Another modification is the COVID-19 loan modification, which is available for some borrowers who have been impacted by the foreclosure crisis and are in the process of rehabilitating their homes. This modification involves adding missed payments to the original principal, extending the term of the loan, and agreeing with the lender on a new payment schedule.
These modifications are intended for borrowers who have serious debt problems. They may also be used as loss mitigation for borrowers who are in imminent default.
Jose and Fred are a typical example of a borrower who obtained a 30-year mortgage with 4.19 percent interest in 2007. A few years later, Jose lost his job and is now only working part-time, which has made it difficult for him to meet his obligations.
After a few financial hiccups, Jose and Fred were able to get a loan modification that extended the original term of their mortgage for an additional five years. The loan now has a maturity date of January 1, 2020, and their monthly mortgage payments were reduced from $976 to $873.
In most cases, these extensions can only be granted for a specific period of time. This is because the lender has to prove that you will be able to make your mortgage payments on the modified terms when they are in place.
Depending on the lender and the rules of the modification, your new payments may be more expensive than before. It is important to be aware of how much the extension will cost before you agree to it.
Partial Forbearance on the Principal
If you are unable to pay your mortgage due to financial hardships, you may be eligible for a partial forbearance on the principal of your loan. This option is available to borrowers with federally insured or guaranteed loans, including FHA- and VA-insured loans.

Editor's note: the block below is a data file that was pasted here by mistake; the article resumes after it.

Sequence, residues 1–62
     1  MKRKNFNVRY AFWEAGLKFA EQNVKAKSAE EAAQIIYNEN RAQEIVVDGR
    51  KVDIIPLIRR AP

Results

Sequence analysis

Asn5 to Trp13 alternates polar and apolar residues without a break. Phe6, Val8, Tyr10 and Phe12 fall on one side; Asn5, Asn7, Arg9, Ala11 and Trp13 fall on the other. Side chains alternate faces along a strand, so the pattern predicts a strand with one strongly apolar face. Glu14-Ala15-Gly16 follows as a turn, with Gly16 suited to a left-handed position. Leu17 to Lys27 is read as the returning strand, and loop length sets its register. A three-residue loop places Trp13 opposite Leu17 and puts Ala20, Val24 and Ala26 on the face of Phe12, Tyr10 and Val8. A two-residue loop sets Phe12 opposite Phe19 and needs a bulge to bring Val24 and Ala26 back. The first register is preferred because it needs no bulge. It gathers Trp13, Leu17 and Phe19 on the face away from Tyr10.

Your mortgage servicer will review your situation and determine if you are a candidate for a partial forbearance on your principal. If you are, the servicer will set up a repayment plan to help you repay your past-due amount over time.
Some borrowers who come out of forbearance are able to pay their past-due amount in one lump sum, but this isn’t always possible. For example, if you have a USDA-insured or an FHA-insured mortgage, the Department of Agriculture (USDA) will only allow you to defer your past-due amounts until you sell the home or refinance the loan.
However, if you are an FHA-insured borrower who has already exited forbearance, the FHA will offer you a second, interest-free option to repay your past-due amount. This option is called the COVID-19 Standalone Partial Claim.
The partial claim payment is a one-time purchase of your past-due amount, not to exceed 30 percent of the unpaid principal balance of your mortgage. The partial claim is repaid through security instruments recorded as a second lien and an interest free promissory note.
Aside from the COVID-19 Standalone Partial Claims and repayment plans, you also have other options to pay off your past-due amount if you are a veteran with a VA-guaranteed loan. These include a payment deferral, repayment plan and private sale.